Friday, October 5, 2018


Posted By on Fri, Oct 5, 2018 at 11:46 AM

click to enlarge hero_venom-image-2018.jpg

By virtue of an odd look or a silly voice, Tom Hardy has been the best thing in event pictures like The Revenant or The Dark Knight Rises. In that context he's the triumph of mannerism, of the strange and idiosyncratic winning out over supposedly epic but mostly empty things. In the former he delivers a strange monologue about how his Dad ate a squirrel that was God, and it's the most sincere thing in the movie. In the latter he is so resolute while wearing a bondage mask in an otherwise contractual Batman trilogy ender that people have imitated his voice for years.

It is unfortunate that Ruben Fleischer's Venom repeats the pattern, and doesn't craft him a better vehicle. Venom sprang from Spiderman’s rogues’ gallery, which was divvied up to make a buck. Spiderman has been licensed back to Marvel Studios, but Sony still owns his nemesis. So we get a formulaic hero origin story for a nightmarish monster.

Venom is one of three alien Symbiotes (or parasites, as they don’t like to be called) brought back from space to merge with involuntary human hosts. Defined by his evil Spiderman look, lusty tongue and large number of teeth. Venom infects investigative journalist Eddie Brock (Hardy) when Brock gets too close to Steve Jobs/Elon Musk amalgam Carlton Drake (Riz Ahmed) and his alien experimentation on the homeless.
click to enlarge Tom Hardy (right) in Venom
  • Tom Hardy (right) in Venom
In the opening minutes Brock loses, in the manner of an 80's movie or a comic you bought and finished in 15 minutes, his job, his girlfriend Anne and "everything I ever cared about." Michelle Williams, who plays Anne, has had a career similar to Hardy. She's associated with sincere arthouse dramas, but like Hardy's beginnings in Star Trek, she started in the Halloween franchise and Dawson’s Creek. Fleischer uses both actors well. He doesn't try to chain their sincerity to the bargain basement blockbuster plot (color graded dark blue and green, so you know the world is tough), but instead plays up their sense of humor, emphasizing their mundane reactions to terrible and ridiculous things.

As Brock, Hardy's built an entire character around the moment in Star Wars when Han Solo stammers "We're all fine here now, thank you. How are you?" He is constantly interrupting his own apologies and muttered explanations, his voice breaking in a transplanted New York accent that Williams matches. Once infected, he’s wonderful, apologizing to henchmen as his CGI self disembowels them, sating parasitical hunger with gross meals of chocolate and tater tots, going to a restaurant and bathing in a lobster tank, then eating the lobsters. He also voices the interior Bane-like voice of Venom, who is everything Eddie isn't: Suave, powerful, and prone to wax eloquent about how delectable pancreata are.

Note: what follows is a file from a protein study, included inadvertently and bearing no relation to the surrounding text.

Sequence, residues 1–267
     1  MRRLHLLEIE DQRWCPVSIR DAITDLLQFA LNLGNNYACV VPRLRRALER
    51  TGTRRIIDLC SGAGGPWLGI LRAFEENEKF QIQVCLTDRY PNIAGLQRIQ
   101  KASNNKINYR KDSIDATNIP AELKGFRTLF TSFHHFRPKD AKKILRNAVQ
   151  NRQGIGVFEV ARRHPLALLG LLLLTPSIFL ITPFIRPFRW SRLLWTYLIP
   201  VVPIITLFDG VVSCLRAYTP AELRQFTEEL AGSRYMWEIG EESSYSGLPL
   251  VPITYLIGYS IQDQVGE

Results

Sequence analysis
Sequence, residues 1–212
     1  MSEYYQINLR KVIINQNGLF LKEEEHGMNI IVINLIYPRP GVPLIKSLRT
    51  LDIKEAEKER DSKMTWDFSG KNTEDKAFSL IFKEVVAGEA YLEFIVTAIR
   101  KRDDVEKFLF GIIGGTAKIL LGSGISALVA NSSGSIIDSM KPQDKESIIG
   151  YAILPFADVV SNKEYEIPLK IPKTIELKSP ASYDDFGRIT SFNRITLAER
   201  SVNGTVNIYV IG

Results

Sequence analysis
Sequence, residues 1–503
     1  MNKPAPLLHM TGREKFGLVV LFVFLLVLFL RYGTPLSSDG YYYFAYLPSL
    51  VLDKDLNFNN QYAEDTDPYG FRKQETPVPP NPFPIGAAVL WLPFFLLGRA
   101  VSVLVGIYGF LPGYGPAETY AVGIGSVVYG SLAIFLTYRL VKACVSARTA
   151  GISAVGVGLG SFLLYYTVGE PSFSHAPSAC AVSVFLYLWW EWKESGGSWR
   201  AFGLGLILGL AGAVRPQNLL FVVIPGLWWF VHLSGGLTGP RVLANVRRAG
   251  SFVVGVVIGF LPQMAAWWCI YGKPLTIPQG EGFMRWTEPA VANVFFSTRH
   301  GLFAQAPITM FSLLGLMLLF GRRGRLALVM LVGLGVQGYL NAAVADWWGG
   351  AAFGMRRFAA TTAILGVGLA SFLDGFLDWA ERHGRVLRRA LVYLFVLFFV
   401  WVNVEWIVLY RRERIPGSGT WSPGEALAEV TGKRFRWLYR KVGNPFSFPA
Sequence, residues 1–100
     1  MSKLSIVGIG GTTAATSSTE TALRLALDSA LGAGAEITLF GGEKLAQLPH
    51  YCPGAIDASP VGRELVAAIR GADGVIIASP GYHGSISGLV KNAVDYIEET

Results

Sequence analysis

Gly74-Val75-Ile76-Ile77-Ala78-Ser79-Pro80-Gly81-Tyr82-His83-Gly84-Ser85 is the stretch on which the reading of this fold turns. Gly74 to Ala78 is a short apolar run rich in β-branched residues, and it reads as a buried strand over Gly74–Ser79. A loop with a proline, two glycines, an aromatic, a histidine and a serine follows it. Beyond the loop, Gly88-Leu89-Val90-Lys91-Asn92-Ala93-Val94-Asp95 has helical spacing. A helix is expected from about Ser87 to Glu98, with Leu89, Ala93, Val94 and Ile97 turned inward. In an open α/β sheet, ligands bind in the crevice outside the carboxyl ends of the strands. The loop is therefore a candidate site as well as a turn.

The tone doesn’t gel. The action scenes, when they get away from the comedy of a mild-mannered guy apologizing for his uncontrollable urge to violence, are the same ones that you’ve seen all your life, and which will continue after you’re dead. There is a long car chase with black SUVs, and a de rigueur end fight between two identical visual effects. San Francisco is mainly defined here by inclined streets and the homeless, though photographed at night so that it looks like cinematic New York. Paul Thomas Anderson muse Melora Walters shows up in another downtrodden role as a vagabond with grime on her face. Jenny Slate plays a scientist whose thick glasses define her non-character.
click to enlarge Michelle Williams on line one.
  • Michelle Williams on line one.
Another way in which it reminded me of a colorful 80's movie: Poverty is just a fact of life, and the homeless are punchlines or plot points. The evil CEO is God-like. Or if not the 80's, it’s like a 30's B-picture: fun and funny in small bits, but unable to have the plot follow the choices of its characters in unexpected directions.

The scary images of the Symbiotes entering people’s skin and undulating beneath are just gatekeepers to a power fantasy, one the movie cops to when a character muses on how nice it was being possessed. The problem is there are more modes of being in the world than idiotic idealists and omnipotent CEOs. For example, the corporations that have messed with the Spiderman universe are not run by evil geniuses. They’re just part of a system that perverts art for money.

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